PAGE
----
As a traveller, I have perpetually itchy feet. Obviously, I don’t mean this in a gross way. I mean this in a way every traveller does. Along with the itchy feet come the constant wandering thoughts, the overdosing in travel blogs — and finally, the inability to stay in one place for too long. Sometimes, this constant desire to travel causes me some kind of analysis paralysis about the future. Sometimes, travelling makes me scared of settling down.
The curse of overthinking
If you’re a traveller and an overthinker: Hi, welcome to the club. I’m sure you have also, in one way or another, inflicted some kind of mental pain on yourself like I have. Now, I find this problem quite unnecessary; nevertheless, I can’t deny that it exists. Many of us travellers and overthinkers suffer from a unique kind of existential crisis. Oftentimes, we question the normalcy of our dreams.
“Travel while you’re young, because you’ll need to settle down when you get older.” I can bet that you’ve received this piece of unsolicited advice at least once in your life, as I have. And probably, you easily agreed with it, as I have. Who can blame us? It’s a safe idea, after all.
However, the truth is that this idea isn’t for everyone. Yet, anyone would be hesitant to disagree with it because people are quick to judge. “Who wouldn’t want a normal life?!” I can already hear them say.
Travel now, settle down later. That’s the norm. We’d be crazy if we’d wish a life contrary to this. Maybe this is the reason why most of us shy away from our dreams. We think: To travel… forever? That’s a pretty daunting goal. Do I really want that? *Cue existential crisis.*
The traveller’s existential crisis
I usually celebrate my birthday with an annual traveller’s existential crisis. Every year, I look back on the things I have achieved and the dreams I have yet to achieve. The past few years, I dreamt of the usual: That I may be able to live a life full of travel before settling down in my dream house. What my dream house was, I had no idea. What my dream job was, I also had no idea. All I knew was that these were the dreams that everyone was supposed to have.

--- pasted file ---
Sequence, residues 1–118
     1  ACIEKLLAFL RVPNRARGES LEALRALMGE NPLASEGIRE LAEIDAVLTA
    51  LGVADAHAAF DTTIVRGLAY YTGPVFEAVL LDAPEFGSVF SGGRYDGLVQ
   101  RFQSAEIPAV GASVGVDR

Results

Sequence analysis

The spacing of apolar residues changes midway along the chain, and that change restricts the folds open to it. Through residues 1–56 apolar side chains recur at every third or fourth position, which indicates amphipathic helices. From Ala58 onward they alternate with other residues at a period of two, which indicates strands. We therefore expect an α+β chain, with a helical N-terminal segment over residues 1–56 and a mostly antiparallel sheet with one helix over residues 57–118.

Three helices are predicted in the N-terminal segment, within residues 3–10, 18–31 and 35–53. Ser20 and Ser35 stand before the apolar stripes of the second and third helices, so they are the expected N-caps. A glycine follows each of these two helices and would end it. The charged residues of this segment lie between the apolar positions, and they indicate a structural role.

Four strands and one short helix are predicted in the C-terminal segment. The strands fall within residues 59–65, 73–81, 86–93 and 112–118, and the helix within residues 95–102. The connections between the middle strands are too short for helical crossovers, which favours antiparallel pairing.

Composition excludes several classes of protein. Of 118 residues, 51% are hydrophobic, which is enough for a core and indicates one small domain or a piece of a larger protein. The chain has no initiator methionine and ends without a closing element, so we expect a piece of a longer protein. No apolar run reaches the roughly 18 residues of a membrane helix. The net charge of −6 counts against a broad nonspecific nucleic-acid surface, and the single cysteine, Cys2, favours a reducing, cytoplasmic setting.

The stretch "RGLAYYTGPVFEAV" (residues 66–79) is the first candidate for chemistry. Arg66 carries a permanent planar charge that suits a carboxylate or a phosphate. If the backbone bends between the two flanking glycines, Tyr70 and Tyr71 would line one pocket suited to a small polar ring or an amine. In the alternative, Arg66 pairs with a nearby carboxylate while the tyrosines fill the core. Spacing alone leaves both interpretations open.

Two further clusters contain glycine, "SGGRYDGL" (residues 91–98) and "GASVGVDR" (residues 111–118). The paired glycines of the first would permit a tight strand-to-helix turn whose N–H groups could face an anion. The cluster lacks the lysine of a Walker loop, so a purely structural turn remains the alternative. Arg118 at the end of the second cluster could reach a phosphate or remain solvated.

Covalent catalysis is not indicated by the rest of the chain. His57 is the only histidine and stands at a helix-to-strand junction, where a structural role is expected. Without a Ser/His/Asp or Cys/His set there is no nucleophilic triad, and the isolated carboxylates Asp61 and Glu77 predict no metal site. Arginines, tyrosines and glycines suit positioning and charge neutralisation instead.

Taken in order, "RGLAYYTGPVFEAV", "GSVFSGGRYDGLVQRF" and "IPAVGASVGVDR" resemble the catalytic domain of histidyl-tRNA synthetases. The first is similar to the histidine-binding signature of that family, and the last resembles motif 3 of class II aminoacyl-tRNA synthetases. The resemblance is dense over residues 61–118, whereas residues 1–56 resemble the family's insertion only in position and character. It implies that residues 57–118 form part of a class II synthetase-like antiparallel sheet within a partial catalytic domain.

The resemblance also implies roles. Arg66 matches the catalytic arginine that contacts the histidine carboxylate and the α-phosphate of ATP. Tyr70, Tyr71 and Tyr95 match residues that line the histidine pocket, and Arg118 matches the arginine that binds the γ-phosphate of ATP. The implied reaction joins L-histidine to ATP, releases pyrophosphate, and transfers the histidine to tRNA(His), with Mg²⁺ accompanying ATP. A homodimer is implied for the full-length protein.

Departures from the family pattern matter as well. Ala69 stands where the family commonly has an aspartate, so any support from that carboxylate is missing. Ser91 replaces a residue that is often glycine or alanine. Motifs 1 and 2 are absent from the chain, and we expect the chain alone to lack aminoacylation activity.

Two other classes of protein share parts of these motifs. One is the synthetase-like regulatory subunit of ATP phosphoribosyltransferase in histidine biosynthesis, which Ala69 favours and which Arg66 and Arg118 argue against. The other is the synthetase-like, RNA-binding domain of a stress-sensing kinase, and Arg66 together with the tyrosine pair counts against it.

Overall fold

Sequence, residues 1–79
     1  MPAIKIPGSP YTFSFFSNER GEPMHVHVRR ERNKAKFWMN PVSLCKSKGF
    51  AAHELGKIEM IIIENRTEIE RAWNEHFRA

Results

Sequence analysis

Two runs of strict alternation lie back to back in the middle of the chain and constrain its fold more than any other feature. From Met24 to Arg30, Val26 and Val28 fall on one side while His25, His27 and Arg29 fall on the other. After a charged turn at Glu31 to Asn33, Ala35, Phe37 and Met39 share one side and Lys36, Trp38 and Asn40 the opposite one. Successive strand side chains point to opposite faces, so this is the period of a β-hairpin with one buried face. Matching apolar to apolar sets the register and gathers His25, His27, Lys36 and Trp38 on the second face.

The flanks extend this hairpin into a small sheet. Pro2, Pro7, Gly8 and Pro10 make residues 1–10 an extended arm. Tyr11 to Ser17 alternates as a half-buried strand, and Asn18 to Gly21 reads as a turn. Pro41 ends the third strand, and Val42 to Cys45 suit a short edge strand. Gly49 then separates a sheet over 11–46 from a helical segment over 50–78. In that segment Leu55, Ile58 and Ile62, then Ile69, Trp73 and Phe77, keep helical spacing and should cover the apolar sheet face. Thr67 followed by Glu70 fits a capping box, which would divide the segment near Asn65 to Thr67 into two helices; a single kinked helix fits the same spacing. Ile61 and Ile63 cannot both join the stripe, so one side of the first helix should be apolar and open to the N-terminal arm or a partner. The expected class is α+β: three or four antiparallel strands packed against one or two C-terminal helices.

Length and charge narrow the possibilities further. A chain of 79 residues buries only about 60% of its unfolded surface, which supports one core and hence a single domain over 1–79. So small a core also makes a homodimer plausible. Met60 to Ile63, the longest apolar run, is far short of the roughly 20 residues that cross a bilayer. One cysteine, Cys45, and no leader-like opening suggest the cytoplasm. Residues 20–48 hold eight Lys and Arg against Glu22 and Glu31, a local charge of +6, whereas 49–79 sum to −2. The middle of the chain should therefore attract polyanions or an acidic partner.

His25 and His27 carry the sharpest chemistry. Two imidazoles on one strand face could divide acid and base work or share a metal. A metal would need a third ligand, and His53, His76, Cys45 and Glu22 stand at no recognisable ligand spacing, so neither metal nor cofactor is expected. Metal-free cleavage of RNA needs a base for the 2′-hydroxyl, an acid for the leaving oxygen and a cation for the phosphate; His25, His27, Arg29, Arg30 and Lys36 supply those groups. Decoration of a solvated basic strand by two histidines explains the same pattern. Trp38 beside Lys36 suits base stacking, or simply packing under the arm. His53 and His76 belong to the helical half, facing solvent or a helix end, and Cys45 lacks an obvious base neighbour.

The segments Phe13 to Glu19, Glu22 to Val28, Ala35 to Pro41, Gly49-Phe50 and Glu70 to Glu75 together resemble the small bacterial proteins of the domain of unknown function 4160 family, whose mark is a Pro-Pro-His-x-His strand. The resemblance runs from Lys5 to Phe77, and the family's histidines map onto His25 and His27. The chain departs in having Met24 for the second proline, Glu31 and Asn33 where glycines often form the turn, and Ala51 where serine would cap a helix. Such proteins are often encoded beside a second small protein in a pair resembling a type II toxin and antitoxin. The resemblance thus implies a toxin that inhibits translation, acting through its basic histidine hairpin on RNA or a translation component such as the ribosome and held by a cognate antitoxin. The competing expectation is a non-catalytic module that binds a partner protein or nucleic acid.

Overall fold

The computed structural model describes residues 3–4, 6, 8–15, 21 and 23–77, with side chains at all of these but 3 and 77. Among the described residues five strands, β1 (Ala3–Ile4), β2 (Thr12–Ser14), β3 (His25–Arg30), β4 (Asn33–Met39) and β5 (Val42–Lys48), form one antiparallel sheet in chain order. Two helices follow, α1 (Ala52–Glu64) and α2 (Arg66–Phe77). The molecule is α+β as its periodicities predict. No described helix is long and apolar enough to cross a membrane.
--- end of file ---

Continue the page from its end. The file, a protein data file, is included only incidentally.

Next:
In retrospect, none of these dreams were mine to begin with. I’ve always loved travel. As a child, I dreamt of buying an RV instead of a house because I never wanted to stay in one place. (Take note: This was before I even realised that a bunch of travellers actually did this.) Settling down has always been such a distant idea to me. But eventually, I decided that I wanted to make my life easier by following the patterns of regular people.
Still, whenever I thought deeply about where I wanted to live for the rest of my life, my mind went blank. I didn’t want to stay in a city — that was for sure. But I also didn’t want to stay in an unfamiliar place for too long. I wanted my future house to look like home, but I didn’t really know what home meant.
I’ve spoken with numerous people about this matter. Through them, I’ve come to discover that I’m not alone in that travelling makes me scared of settling down. It’s hard for a lot of travellers to imagine a life of stagnancy. Hardly any traveller found the idea of quitting travel to live a normal life appealing.
Accepting the norm
Though it’s difficult, most of us have come into terms with settling down. It provides safety and security, after all. But if you’re anything like me, you’d still have problems with the idea. At the very least, you avoid thinking about the future in too much detail. When anyone asks you about your dream life, you realise it’s all still a blur. Because as much as you want to desire the normal life, planting roots in too deep remains an overwhelming concept to you.
Indeed, being a traveller has created in me this dread of settling down. I often suffer from the fear of missing out on more places, more culture. Recently, I realised that I probably have a hard time thinking of settling down because I haven’t found a place to call home.
As a traveller, I feel at home everywhere and nowhere at the same time. And that’s okay, I guess. The world is my home, and I feel the need to roam around it as much as I can.
Nomadic life vs settling down: why not both?
“Travel while you’re young, because you’ll need to settle down when you get older.” Call me idealistic, but who’s to say that we can’t have both?
Sometimes, travelling makes me scared of settling down. But when I remember that life is a matter of priorities, I remember I don’t have to fear the future. If I continue to love travelling as much, I’m pretty sure I can find a way to travel even when I’ve settled down. And if something bigger than travel comes along (so much bigger that travelling wouldn’t be my top priority anymore), it would probably be worth it.